Marie attended a Catholic girls’ high school in Sydney and was sexually abused by one of her teachers, Mr Lee, in the 1970s when she was 16 years old.
Lee had a private office away from the school, and he’d invite Marie there, making her promise to keep it a secret. ‘He started off playing games with me and after a while we were having intercourse.’
Marie told the Commissioner she later became aware one of her classmates, Maryann, was also being sexually abused by Lee. She thought other girls were too. The nuns at the school also seemed to be aware of Lee’s behaviour. ‘Sister Clarice warned us about being in the [class] room, and Sister Philomena questioned Maryann several times. Sister Mary used to pull us aside and ask how we were.’
Marie said both she and Maryann stopped contact with Lee when they found out about each other’s experience. ‘He started ringing us up. By then the sex had become very rough and coercive.’
In the 2000s, Marie chose to participate in the Catholic Church’s Towards Healing program. Her initial contact was positive. ‘I felt acknowledged’, she said. ‘The woman was lovely. I made a statement and was given booklets. I didn’t really know, though, what the process would be.’
Marie wanted the Church to acknowledge it had failed her in its duty of care. She said at some stage in the Towards Healing process the issue of compensation was raised and when Marie expressed interest in seeking further information, the approach changed. ‘Everything went downhill. It became very business-like and contact with me ceased for months on end. They said you couldn’t get an apology until the compensation had been worked out. They also said I could go to the police, but that if I did, I couldn’t go any further with Towards Healing.’
Marie didn’t take up their offer of counselling, because it was with someone affiliated with the Catholic Church, and ‘It all felt too close’.
Some months later, an assessor for Towards Healing contacted Marie and asked her to make a statement. He asked for primary evidence of the abuse, and Marie presented several diaries she’d kept from when she was 16. Maryann and Marie’s sister were interviewed, as were three nuns from the school. Lee was also interviewed. He denied the abuse.
Marie said the assessor’s report stated: ‘The Church will be at high risk of other girls coming forward’. He later noted, ‘On the balance of probabilities, the complaint did occur’.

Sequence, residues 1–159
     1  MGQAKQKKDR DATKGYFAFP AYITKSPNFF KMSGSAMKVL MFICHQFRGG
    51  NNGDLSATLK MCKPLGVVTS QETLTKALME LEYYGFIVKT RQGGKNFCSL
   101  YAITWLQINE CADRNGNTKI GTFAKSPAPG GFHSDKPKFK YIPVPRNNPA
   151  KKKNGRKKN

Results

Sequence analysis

Some months after that, Towards Healing requested Marie undergo a psychiatric assessment. She didn’t know why. The psychiatrist she saw wanted to know details of the abuse, and Marie found this distressing. ‘It was so cold, and very odd. I felt like I was having to prove that it happened. It was like a judgment.’
Two years after she’d first contacted Towards Healing, a mediation session was organised. ‘More people got involved, people I hadn’t met before, and I still didn’t know what the process was.’ Marie engaged a lawyer to assist in negotiations; however he had no experience with Towards Healing and she thought he was out of his depth.
Marie presented the victim impact statement she’d been asked to write. ‘I felt like it fell into a black hole in the middle of the table, and that’s where it stayed.’ The issue of how much money she should be paid couldn’t be decided. ‘They’d say things like, “It’s not worth that”.’ A payment of $55,000 was eventually agreed, including $5,000 for her lawyer.
Marie didn’t think Towards Healing’s written apology was sincere. ‘They said they were sorry it happened, but they were hollow words. They didn’t mean anything.’ When she told them she wasn’t happy with it, they suggested she write her own for them to consider.
At the end of the process Marie signed a confidentiality agreement.
‘In hindsight if I’d known what was involved in Towards Healing, I wouldn’t have done it. They’re good wordsmiths. You can play a lot with words, but you need a separate system for justice, not within the system that caused the injustice. You have to have an independent body.’